Penn Jillette appearance sparks discussion on Indiana religious freedom law
"These people are not being asked to engage in gay sex or even endorse gay sex," he says
Entertainer Penn Jillette has some characteristically blunt words for business owners who say they’d use Indiana’s religious freedom law to refuse service to gay customers.
“These people are not being asked to engage in gay sex or even endorse gay sex,” Jillette, half of the comedy-illusionist duo Penn & Teller, said Wednesday as part of a panel discussion on CNN hosted by Don Lemon. “They’re being asked to sell flowers and cake to people.”
Critics of the law and others like it have said it gives cover to business owners who reject homosexuality on religious grounds and don’t want to do business with gays and lesbians. The legislation has provoked boycotts and calls for changes to it from across the country.
But it also has fervent supporters who argue that the rights of religious business owners are being trampled on.
“What we have seen across this nation is that the government has begun attacking people of faith who simply want to live consistently both at home and in work with their religious beliefs,” Kristen Waggoner of the Alliance Defending Freedom said during the panel discussion.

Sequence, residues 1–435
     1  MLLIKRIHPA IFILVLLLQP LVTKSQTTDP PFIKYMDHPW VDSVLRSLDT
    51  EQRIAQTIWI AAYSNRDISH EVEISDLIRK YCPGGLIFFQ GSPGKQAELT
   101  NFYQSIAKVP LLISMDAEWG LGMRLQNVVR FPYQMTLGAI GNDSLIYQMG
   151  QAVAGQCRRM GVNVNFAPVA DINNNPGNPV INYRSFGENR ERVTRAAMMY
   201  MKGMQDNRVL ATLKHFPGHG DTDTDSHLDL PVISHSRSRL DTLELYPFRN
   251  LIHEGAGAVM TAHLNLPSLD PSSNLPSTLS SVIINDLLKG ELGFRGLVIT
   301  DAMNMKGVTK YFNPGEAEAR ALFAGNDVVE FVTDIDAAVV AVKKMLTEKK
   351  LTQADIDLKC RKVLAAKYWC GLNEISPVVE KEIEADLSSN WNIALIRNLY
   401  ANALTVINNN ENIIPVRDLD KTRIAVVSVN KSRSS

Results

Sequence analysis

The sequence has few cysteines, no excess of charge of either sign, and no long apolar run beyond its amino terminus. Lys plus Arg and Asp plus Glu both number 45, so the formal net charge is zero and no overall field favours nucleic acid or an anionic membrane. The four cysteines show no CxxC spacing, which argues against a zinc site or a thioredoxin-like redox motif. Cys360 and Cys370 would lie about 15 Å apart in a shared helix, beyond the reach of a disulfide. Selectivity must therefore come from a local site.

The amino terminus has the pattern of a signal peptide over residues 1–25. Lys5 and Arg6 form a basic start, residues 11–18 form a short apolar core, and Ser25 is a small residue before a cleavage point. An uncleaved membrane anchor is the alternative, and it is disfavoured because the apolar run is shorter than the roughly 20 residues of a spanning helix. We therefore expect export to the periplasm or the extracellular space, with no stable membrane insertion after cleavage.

“We have numerous cases right now where the government is seeking to not just punish people for their religious beliefs about marriage, but literally coerce them, to take everything that they won from them, simply because they won’t create unique expressions. That violates their religion, and that is un-American,” she said.
Predictably, the heated exchange generated lots of reaction on social media.
” ‘I’m only going to sell you flowers if you do things I approve of with them’, is a weird stance,” Twitter user Frubblie wrote.
On Lemon’s Facebook page, Gary Lorentzen wrote, “there is no religious doctrine in any religion that says you can’t provide a service for gay people. To sell a wedding cake or flowers to a gay couple is not a sin or incorrect, immoral action.”
Of course, not everyone agrees.
“People have a right to say take your business elsewhere I don’t agree with you,” Twitter user Jahnmaud wrote.
Others noted Jillette’s libertarian attitude, which generally leans toward less government interference, and questioned why he would support such mandates.
“Why force people to sell cake and flowers against their will?” Twitter user stevegraff wrote.
Jillette said Wednesday that the issue comes down to “treating people like people.”
In the end, he said, the argument will soon be settled. Most young people already support gay rights, he said, a trend that may render such debates irrelevant.
“All we need is time, and the whole thing will become a joke,” he said.